Figure 3 illustrates the free immunization service coverage area from public health centers in the downtown areas in a 250 m to 1 km radius (service area within walking distance). When private clinics are included, the coverage area increases significantly and includes most of the downtown area. Also, about 80% of the target population lives within the service areas of private clinics, as of 2009, and the program is expected to dramatically improve the accessibility to citizens (Figure 4).
Health Impacts
The potential positive and negative health impacts of the Free Childhood Immunization Program derived from the steering committee meetings and workshops and advisory meetings are listed in Table 2.

Positive health impacts

First, improved access to immunization services is expected as private medical institutions will be offering the service. GIS analysis results show that most of the target population lives within the service areas of private clinics, which will significantly improve accessibility. Second, the immunization rates will increase. Enrollment in the electronic immunization registration system will increase with the active participation of private clinics, which, in turn, will decrease the incidents of duplicated vaccination cases. Third, health and medical services are offered holistically by the primary care provider at private clinics. This will decrease revisits to health care institutions and reduce time and travel costs. Fourth, the public health center can take a coordinating role and concentrate on improving the overall local immunization services. Fifth, the program can be a good countermeasure to the low birth rate in Jinju. Jinju is becoming a city with aging population issues, including low birth rates, but compared to its counterparts, it lacks countermeasures. Sixth, the program is expected to be expanded to other local governments in the vicinity, which will contribute to overall improvement of child vaccination in Gyeongsangnam-do.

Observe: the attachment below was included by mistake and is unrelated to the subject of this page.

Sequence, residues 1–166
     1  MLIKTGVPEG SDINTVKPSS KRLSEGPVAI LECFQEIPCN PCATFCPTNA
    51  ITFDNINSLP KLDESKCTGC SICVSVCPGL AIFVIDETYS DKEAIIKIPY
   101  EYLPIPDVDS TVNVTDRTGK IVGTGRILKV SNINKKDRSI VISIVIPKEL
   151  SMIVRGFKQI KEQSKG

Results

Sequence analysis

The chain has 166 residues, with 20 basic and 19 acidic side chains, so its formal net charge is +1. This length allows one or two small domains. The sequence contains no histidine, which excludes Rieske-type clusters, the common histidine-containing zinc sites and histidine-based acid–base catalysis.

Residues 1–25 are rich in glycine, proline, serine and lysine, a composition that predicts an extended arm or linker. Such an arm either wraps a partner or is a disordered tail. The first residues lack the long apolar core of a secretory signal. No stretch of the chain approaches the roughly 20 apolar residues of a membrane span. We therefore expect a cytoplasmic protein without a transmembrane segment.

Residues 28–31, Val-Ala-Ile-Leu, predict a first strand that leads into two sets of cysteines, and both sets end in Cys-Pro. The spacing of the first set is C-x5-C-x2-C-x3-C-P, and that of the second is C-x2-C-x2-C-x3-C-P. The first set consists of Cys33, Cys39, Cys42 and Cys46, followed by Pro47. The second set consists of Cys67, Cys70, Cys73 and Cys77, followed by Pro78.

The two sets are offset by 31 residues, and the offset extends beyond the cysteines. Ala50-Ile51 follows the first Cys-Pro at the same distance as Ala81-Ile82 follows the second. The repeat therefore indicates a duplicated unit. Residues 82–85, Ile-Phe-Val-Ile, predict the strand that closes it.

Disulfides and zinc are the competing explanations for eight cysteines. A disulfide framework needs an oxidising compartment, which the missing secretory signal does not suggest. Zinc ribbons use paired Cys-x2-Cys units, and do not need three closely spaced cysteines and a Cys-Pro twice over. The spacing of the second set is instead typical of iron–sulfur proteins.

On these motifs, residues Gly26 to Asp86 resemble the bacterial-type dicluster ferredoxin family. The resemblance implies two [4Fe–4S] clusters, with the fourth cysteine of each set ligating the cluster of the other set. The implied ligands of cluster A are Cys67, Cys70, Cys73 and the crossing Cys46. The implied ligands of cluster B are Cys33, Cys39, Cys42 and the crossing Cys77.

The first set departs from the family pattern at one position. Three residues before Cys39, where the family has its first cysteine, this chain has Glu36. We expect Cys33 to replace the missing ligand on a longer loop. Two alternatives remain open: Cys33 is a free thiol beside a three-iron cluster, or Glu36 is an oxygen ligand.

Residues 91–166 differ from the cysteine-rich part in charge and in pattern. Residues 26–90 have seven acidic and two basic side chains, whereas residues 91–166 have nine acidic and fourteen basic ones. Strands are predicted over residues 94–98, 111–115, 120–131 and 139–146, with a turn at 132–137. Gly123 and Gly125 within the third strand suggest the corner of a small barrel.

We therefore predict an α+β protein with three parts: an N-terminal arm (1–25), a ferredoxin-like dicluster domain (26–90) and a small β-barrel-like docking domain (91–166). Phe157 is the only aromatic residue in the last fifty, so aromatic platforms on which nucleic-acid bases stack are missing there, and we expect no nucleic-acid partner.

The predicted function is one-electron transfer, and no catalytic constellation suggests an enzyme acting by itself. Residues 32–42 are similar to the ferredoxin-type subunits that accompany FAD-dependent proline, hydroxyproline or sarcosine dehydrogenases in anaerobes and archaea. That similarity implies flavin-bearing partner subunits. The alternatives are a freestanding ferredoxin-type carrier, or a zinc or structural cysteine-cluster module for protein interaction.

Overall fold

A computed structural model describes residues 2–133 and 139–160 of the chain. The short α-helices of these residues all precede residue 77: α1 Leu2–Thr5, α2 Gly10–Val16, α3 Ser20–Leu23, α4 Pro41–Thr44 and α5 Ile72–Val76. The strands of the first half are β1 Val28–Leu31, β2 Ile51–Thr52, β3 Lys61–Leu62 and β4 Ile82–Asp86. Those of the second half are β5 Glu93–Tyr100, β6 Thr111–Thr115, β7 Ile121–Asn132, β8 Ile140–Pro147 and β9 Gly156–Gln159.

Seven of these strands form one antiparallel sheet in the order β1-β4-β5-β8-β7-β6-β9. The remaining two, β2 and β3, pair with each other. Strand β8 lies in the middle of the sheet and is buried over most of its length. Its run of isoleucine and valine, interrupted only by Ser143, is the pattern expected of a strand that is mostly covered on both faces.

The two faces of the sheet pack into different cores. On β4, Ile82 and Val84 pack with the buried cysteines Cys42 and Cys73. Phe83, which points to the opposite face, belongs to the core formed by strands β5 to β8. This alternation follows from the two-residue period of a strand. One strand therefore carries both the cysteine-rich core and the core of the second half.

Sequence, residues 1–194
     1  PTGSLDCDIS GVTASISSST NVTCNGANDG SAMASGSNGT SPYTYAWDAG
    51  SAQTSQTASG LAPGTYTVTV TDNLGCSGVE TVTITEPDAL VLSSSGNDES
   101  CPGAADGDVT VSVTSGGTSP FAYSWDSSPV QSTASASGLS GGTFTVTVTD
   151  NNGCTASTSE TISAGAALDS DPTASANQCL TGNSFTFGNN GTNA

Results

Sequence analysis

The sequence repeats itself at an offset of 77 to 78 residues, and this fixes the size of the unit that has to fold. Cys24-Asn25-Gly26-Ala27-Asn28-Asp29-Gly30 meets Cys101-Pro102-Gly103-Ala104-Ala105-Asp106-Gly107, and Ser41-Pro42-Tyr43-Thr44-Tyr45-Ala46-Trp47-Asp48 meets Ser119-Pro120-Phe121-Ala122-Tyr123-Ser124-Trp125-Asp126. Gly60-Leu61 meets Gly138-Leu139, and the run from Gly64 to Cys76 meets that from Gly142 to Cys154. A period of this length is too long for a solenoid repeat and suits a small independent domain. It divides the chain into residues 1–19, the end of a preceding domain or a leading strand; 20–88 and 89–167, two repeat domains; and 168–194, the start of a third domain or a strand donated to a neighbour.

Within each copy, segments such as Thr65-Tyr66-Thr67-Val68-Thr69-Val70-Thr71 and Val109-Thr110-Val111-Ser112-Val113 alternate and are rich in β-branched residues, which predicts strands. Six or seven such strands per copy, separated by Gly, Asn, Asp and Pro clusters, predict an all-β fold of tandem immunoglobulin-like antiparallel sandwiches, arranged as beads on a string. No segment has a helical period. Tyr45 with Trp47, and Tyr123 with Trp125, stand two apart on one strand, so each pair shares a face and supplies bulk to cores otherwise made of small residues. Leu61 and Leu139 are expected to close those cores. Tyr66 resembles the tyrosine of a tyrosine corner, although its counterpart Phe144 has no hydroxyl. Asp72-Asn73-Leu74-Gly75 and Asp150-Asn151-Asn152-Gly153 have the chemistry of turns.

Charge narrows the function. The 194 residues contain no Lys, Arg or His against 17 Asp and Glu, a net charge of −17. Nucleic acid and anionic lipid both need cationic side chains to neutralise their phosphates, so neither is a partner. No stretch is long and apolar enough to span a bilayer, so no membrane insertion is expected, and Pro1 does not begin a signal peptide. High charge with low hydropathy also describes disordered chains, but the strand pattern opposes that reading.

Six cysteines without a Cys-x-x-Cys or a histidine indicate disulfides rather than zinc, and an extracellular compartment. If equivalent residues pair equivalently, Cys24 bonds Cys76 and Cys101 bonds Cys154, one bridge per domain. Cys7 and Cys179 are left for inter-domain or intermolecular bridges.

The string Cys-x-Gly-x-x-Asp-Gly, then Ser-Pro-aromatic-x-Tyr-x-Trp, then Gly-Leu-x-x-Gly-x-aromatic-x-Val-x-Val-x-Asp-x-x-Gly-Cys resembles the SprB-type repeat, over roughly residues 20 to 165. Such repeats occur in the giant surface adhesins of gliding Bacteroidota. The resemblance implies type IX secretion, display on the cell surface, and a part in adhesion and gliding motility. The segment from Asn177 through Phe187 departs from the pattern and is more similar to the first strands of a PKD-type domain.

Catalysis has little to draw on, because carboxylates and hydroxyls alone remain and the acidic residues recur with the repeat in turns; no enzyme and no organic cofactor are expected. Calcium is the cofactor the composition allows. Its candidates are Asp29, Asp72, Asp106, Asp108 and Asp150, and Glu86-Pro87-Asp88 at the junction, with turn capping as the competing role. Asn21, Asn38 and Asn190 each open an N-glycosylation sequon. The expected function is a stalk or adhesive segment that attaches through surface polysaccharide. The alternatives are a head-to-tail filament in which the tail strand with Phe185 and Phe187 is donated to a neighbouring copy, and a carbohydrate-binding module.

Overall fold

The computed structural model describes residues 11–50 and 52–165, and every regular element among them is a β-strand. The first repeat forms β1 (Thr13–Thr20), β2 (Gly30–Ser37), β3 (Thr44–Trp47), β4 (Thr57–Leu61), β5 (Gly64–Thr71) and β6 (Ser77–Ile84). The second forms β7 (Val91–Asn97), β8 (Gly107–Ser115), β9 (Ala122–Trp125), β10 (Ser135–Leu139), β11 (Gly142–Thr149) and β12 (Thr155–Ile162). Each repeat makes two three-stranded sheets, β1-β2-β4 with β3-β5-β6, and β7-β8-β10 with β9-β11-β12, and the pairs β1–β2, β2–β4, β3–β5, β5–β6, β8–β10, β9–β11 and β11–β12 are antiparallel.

Negative health impacts

Although there are no apparent negative health impacts from the implementation of the Free Childhood Immunization Program, the following issues should be considered. First, although this project improves accessibility, most of the private clinics are located in the downtown area and will have little or no impact in rural areas, where most of the vulnerable population resides. Second, vaccine management could be inadequate. Currently, public health centers maintain the cold-chain with specialized vaccine refrigerators, are prepared for blackouts, other emergencies, and expiration dates, and these measures are usually better implemented than they are in private clinics. Third, a problem could arise from the quality of the vaccination staff. Although doctors conduct immunizations in most private clinics, sometimes staff with inadequate medical knowledge and skills can inject vaccinations. In the case of public health centers, vaccination staff receives training according to a regular schedule. Fourth, private clinics may use more expensive vaccines, and might burden citizens economically.
The main purpose of an HIA is to increase knowledge of the potential impacts of a policy, minimize the negative impacts, maximize the positive impacts, and lead the proposed the policy in a more health-friendly direction. To do so, this study collected the opinions of various stakeholders before implementing the Jinju Free Childhood Immunization Program and reviewed the possible positive and negative impacts on health. This section aims to review the recommendations in implementing the Jinju Free Childhood Immunization Program and discusses the methods of the HIA.